But Brand is careful to point out that he believes addiction to gaming or internet gambling is not a choice: “There are neural adaptations in every human related to all behaviors, basically. This means that if you engage in specific behaviors frequently and very intensively, that may lead to neural adaptations that may also change your ability to control the usage,” he says.
The birth of addiction
The final part of Brand’s paper considers some of the glaring gaps in our knowledge of how addiction begins and sustains itself. The internet is not only an integral part of the great majority of people’s lives, but it is also something that they use every day without becoming addicted. Why do some users of social media networks find themselves totally reliant on the buzz of notifications, while others can easily put their phone down?
Brand says that the answer involves vulnerability factor that are shared with other mental disorders: genetic predisposition, early childhood trauma and specific personality traits all play a role.
The trait that these factors may influence, says Brand, is self-control – the ability to say “no” to the temptation of a screens or chime from your phone. But what’s not clear is whether the vulnerability factors mentioned above erode individuals’ capacity to make beneficial choices for themselves, or whether positive and negative reinforcement from the addictive activity are the causative factor in users’ loss of control.
The final unknown that Brand discusses is how specific the mechanisms of internet-based addiction are. He points out that addiction to online apps and gaming platforms present some unique obstacles to recovery. Unlike, for example, alcohol, apps that want to keep users hooked actively modify themselves based on previous activity to make themselves as appealing and hard to put down as possible. Additionally, for the great majority of our population, being online is impossible to avoid in a way that cocaine, for example, isn’t. This means, says Brand, that “complete abstinence is not the goal and cannot be the goal.”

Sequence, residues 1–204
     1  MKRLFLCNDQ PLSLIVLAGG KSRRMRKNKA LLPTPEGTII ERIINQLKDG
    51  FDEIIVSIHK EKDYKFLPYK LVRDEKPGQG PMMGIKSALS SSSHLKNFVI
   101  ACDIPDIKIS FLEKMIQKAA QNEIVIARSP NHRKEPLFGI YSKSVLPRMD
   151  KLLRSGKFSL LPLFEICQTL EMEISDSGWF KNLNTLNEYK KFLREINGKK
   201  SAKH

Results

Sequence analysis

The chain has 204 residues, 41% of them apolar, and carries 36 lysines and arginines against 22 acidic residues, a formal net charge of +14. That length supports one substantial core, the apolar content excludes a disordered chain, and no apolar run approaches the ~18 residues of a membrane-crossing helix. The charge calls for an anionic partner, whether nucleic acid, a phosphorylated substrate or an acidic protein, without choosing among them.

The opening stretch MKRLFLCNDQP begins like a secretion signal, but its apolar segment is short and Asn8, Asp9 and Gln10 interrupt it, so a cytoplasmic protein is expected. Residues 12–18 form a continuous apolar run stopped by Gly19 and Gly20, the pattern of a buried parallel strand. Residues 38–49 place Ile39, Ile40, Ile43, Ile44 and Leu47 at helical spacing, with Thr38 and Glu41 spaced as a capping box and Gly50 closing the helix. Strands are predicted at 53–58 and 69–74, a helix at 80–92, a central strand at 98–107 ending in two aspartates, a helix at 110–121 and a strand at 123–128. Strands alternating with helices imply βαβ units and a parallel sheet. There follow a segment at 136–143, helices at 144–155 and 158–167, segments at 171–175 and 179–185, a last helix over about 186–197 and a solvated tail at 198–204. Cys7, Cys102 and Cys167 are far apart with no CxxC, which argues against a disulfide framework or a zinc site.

To answer these questions, long-term studies that combine multiple types of analysis are required, Brand says. If it was to be shown that internet-specific mechanisms were causative in these addictions, what could public health authorities do to help patients? Brand says that there is no need to “stigmatize all the gamers or everyone that uses online shopping,” but that specific elements could be looked at by regulators.
Brand mentions loot boxes, which bring an element of gambling into online gaming setups, and the harvesting of private data by social media networks as the price of free access to their platforms, as potential targets. Part of the solution, he concludes, will also be on the user’s end: “Early intervention and therapy should also be improved. I think it’s on both sides; you may work on the societal level, and I think this is important, and also on the individual level, in terms of helping people not develop this problematic behavior.”
Reference: Brand M, Can internet use become addictive? Science. 2022;376(6595). doi:10.1126/science.abn4189